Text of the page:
AN: No, actually! The quill is actually fairly new to me. I decided to switch to that once I chose to make this my full time thing. With the quill, I love the old-fashioned style, but also love that I can have full control over the thickness of my lines without having to switch to different point pens. All you need to do is add or let off the pressure.
I’ve always been drawn to pen illustrations and I dabbled a little bit with acrylic painting, but I was never very good at it (laughs).
RC: When you added in the watercolor element to your illustrations, was it sort of an epiphany moment? To add that pop of color?
AN: I suppose you could say that. I was already mixing black ink with red tones here and there. So one day I decided to add watercolor into the mix and luckily it caught the attention of a lot of people.
My sister taught me so much! She does color splash which is watercolor with more experimental techniques. I’m more focused on the traditional brush work.
RC: What are your favorite places to present your artwork?
AN: Well there aren’t many places to show in the winter time, but social media has been a great place to launch myself and my work. I did a couple showings at Public Espresso during their Peace, Love, and Grant Street events late last year. Since I’ve only been publicly showing my work for about a year, I’ve only hit a few markets and arts and crafts shows, but I’m looking forward to more when the weather warms up.
Recently Potluck Mag featured my work and I’ve gotten a bit of attention from that. It’s been great!
RC: Where are favorite places to explore and find new inspiration?
AN: I’ve always been an Albright Knox girl. The modern art in there is incredible!
I like to travel and I always try to visit the art museums in each city. I just went to Pittsburgh and visited the Carnegie Museum, where it’s an art gallery and natural history museum all in one. It’s huge! The art and architecture of that place was really inspiring.
RC: Who is your favorite artist in the city?
AN: Maude White is INCREDIBLE! I bought a piece from her recently and it’s my favorite. She’s doing so well, being featured by Art Fido which is one of the biggest online galleries.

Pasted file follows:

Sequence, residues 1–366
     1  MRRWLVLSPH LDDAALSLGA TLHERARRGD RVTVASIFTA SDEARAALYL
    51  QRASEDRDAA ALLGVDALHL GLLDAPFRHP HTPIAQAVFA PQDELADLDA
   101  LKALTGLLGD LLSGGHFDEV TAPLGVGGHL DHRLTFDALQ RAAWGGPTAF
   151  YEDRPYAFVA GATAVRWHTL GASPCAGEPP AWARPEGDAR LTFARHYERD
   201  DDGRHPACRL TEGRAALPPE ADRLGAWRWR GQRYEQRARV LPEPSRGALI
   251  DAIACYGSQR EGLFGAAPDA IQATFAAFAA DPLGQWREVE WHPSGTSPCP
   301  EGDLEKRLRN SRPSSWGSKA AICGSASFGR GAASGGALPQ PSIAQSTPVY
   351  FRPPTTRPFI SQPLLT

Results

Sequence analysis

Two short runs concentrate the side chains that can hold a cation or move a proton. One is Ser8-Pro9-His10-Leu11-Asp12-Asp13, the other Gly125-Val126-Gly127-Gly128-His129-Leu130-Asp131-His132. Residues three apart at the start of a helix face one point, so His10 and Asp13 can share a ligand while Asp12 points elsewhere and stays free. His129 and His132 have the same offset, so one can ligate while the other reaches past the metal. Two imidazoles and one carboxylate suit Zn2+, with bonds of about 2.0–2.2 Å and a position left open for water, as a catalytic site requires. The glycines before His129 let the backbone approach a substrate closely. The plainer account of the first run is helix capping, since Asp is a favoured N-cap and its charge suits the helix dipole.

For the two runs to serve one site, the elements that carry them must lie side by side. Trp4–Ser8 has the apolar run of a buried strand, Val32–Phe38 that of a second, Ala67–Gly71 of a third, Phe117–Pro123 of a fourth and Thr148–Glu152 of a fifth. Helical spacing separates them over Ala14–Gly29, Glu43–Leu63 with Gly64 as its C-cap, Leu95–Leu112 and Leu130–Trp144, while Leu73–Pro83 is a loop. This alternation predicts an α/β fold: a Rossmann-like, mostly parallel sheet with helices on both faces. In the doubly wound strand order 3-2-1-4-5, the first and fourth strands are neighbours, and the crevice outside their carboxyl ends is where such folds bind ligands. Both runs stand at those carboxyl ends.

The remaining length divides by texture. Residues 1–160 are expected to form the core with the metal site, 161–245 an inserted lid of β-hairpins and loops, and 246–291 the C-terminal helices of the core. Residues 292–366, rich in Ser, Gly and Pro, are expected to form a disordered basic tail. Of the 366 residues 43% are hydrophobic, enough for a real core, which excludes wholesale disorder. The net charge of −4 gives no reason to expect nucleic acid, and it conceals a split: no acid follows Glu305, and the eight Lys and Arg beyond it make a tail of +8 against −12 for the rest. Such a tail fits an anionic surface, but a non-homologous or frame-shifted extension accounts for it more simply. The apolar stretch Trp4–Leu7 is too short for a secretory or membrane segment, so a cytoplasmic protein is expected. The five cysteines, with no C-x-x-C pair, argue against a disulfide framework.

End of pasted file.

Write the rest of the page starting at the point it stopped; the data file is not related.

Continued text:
RC: What’s next? Any big projects planned? Or something you’ve always wanted to do, but couldn’t tackle until now?
AN: I’m getting quite a few commission gigs for family photos and portraits, and while I love doing those and they pay the bills, I have more ideas that I’m looking to explore. The commission work is fun and is a good way for me to always stay in practice and improve every day.
I would love to do something huge! My sister and I have talked about a potential collaboration. We’ve discussed doing full wall murals in homes and create artwork as a design aspect of the room. That could be really cool to see come to life.
I’d like to do more consumer products too. To create artwork to be used on fabrics. Something that I can branch out with, not just being limited to pen and paper.
RC: Lastly, any advice for a young up and coming artist in Buffalo?
AN: Keep going! The important thing is to not get discouraged over a small stumbling block or failure… even if it means starting over on a project. Just do it! In the end, it’s going to teach you something. It can be hard to put yourself and your life’s work on display, but that open-mindedness will allow you to reap the benefits.
Also be willing to accept advice from an outside observer. Like when someone says, “what’s up with that thing”. (laughs)
Thanks again to Alyssa for sitting down with us! Follow more of her work on Instagram (@inkillustrations).